Mysore prince Srikantadatta Narasimharaja Wodeyar dies
By Vikram Sampath
Wodeyar will be remembered as a prince who made every effort to keep himself and his family relevant in the ever-changing times.
The annual Dasara celebrations in Mysore will perhaps never be the same again. For many in my generation, who did not have the privilege of witnessing the grand Durbar of the last maharaja of Mysore Jayachamaraja Wodeyar, Dasara in the palace meant visuals of a bedecked scion ascending the resplendent throne that had been handed down the centuries to the dynasty, supposedly from the Pandavas.
This was perhaps one of the few occasions when the people of Karnataka and outside got a glimpse of the mild-mannered and laconic Srikantadatta Narasimharaja Wodeyar, who died of a cardiac arrest in Bangalore on Tuesday.
To family loyalists, he represented that last link with a dynasty that ruled over a significant part of southern Karnataka—the erstwhile Mysore State—for close to 600 years. The Karnataka government has declared a state holiday on Wednesday and two days of mourning as a mark of respect to the former maharaja.
To many people in this part of the country, the Wodeyar dynasty still symbolizes a standard of governance and administration that has been sadly lacking in many a democratic government of Karnataka. The high degree of industrial progress, social reform and the cultural melting pot that Mysore state became under the benevolent maharajas and their able dewans, laid the foundations of a modern state.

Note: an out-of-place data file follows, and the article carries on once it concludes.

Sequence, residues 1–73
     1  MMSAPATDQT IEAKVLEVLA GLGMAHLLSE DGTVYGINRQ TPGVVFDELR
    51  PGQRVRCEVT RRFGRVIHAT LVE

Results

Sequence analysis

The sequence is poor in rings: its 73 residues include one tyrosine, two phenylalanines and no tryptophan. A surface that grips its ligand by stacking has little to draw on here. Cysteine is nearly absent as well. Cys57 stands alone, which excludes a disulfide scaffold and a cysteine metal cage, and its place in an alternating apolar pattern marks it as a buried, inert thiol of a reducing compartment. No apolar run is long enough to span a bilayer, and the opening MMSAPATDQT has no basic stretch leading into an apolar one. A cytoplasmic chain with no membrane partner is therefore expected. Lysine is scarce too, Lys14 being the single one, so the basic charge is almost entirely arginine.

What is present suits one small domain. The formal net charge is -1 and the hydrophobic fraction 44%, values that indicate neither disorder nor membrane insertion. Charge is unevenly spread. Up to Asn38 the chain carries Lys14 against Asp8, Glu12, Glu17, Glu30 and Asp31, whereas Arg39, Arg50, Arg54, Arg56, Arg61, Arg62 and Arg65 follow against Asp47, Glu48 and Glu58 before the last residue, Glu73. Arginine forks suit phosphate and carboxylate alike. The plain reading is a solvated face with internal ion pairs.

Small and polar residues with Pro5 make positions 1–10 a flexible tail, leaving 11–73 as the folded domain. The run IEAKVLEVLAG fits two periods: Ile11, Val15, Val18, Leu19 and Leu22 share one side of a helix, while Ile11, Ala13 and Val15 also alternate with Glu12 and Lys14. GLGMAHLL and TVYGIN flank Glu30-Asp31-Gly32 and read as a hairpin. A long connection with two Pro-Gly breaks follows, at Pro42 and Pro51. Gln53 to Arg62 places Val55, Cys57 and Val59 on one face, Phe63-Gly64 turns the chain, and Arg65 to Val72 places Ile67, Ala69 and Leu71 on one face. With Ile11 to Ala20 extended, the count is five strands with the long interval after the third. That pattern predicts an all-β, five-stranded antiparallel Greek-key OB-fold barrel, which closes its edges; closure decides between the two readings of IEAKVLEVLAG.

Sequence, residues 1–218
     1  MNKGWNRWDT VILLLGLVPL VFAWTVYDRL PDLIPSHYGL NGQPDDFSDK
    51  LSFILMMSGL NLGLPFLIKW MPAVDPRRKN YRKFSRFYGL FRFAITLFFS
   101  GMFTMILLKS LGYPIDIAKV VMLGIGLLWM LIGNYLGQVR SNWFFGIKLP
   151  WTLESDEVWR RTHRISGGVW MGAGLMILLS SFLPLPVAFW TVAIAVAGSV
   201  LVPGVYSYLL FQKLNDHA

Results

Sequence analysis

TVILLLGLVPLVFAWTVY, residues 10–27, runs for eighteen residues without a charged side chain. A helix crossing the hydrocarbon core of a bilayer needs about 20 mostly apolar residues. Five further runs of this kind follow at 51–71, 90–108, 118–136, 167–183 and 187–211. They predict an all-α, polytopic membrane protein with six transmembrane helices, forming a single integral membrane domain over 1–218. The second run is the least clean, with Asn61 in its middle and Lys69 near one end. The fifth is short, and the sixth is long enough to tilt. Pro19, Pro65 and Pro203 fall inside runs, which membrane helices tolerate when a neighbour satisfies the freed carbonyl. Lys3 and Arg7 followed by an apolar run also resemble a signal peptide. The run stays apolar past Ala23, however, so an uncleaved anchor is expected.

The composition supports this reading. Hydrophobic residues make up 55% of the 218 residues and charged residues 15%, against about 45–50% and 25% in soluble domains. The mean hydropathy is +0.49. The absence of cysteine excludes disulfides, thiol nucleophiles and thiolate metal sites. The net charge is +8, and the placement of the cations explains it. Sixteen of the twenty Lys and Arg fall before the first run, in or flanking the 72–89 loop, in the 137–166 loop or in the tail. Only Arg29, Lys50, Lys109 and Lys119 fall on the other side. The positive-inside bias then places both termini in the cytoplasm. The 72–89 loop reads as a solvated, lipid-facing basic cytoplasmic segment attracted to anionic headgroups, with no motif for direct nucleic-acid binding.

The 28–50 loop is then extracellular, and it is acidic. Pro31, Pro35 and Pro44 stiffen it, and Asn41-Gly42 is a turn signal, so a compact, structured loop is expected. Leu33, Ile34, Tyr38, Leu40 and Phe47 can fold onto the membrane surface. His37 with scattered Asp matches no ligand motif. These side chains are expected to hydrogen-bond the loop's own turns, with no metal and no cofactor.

After all, it was under the Wodeyars that Bangalore became India’s first city to be electrified in 1905, the first province to provide a representative system of governance to people, extending voting franchise and education to women, reservations to backward castes, the largest reservoir of Asia created in the form of the KRS Dam—numerous such progressive measures that without doubt made modern Karnataka what it is today. So much so that even Mahatma Gandhi openly wondered if a province as prosperous as Mysore needed freedom and compared it with the mythical Rama Rajya—the ultimate utopian state.
Vikram Sampath is the Bangalore-based author of Splendours of Royal Mysore: the untold story of the Wodeyars.